Negotiators [on a proposed milk price support bill] are…working out how farm subsidies should be restructured in the absence of a traditional subsidy called direct payments, which are paid to farmer regardless of crop price or crop yield. Both chambers’ bills would eliminate this $5 billion annual subsidy in response to critics who say it pays farmers not to farm. But they have argued over how to replace those payments, with major farm groups squabbling over whether subsidies should kick in based on crop prices or farmer revenue, and how to count the acreage on which the subsidies are based.
Unfortunately for our pocketbooks, those negotiators are operating from a false premise: that the subsidies need to be revised in any way. The only ones who benefit from these subsidies in any large way are the large agribusinesses and the “farm state” politicians supported by them. Mom and pop farms? Not so much. On top of that, though, us food eaters are materially harmed by the subsidies through the artificially inflated prices we have to pay for food that those subsidies create. And the poor among us are harmed the most by those inflated prices. Additionally, us taxpayers are harmed a second—and third—time by having to pay for those subsidies that are driving our prices up and by having to pay for the food stamps that are used to mitigate for the poor those artificially inflated prices.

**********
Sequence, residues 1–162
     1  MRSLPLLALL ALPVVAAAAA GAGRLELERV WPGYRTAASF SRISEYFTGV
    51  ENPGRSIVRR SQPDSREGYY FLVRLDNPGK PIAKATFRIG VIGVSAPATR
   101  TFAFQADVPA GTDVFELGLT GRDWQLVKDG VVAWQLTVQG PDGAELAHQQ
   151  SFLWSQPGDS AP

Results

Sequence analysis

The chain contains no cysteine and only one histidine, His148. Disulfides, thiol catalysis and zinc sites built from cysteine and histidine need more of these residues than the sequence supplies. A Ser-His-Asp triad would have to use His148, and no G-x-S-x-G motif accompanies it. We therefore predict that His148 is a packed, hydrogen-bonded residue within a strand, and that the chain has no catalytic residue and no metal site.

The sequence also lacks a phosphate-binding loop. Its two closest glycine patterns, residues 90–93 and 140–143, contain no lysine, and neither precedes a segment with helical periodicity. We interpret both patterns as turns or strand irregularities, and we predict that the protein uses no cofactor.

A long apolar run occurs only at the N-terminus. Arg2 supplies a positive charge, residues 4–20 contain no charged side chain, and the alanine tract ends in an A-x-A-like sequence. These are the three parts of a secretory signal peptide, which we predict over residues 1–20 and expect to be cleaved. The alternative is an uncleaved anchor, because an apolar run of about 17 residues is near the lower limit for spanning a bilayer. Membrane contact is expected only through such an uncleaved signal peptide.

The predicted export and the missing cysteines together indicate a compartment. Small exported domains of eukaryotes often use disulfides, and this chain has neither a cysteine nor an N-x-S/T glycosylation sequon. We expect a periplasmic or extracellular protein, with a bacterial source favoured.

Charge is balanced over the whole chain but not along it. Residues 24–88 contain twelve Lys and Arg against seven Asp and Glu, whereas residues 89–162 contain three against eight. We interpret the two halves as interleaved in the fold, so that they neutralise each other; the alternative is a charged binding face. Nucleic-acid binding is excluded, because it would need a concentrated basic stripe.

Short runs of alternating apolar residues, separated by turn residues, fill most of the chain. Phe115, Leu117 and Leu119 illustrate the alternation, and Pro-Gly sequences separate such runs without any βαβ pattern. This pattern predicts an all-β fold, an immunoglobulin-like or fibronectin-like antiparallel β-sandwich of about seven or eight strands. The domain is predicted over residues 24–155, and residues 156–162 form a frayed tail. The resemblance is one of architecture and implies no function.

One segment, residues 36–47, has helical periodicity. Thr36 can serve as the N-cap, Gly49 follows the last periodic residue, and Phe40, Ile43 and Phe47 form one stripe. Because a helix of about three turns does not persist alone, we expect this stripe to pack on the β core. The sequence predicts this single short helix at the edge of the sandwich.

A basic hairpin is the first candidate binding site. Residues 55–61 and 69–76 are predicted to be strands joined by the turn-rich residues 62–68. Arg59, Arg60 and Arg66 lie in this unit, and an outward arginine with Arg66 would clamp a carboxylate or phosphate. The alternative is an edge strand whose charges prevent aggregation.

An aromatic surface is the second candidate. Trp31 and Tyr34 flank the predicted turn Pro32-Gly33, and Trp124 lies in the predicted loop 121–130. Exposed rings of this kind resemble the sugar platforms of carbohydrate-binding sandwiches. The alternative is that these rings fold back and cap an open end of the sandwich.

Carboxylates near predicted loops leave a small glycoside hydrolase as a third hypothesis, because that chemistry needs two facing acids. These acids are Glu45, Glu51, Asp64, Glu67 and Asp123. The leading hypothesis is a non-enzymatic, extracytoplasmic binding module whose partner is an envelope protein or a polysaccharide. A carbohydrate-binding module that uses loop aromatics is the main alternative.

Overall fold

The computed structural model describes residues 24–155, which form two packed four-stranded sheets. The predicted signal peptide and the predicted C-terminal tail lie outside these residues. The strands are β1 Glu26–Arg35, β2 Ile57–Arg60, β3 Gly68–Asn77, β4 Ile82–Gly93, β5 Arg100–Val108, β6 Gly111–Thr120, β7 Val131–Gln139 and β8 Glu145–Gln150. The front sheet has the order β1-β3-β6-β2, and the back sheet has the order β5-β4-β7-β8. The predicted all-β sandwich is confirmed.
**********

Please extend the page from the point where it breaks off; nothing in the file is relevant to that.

No. The subsidies need to be done away with: “replace” them altogether through a bill that eliminates all of the farm subsidies, which ding us for $25 billion annually. That seed then lets the much larger $80 billion/yr food stamp program to be drastically reduced, if not eliminated altogether, since most of those remaining who truly need help would generally be within the resources of their local communities and states.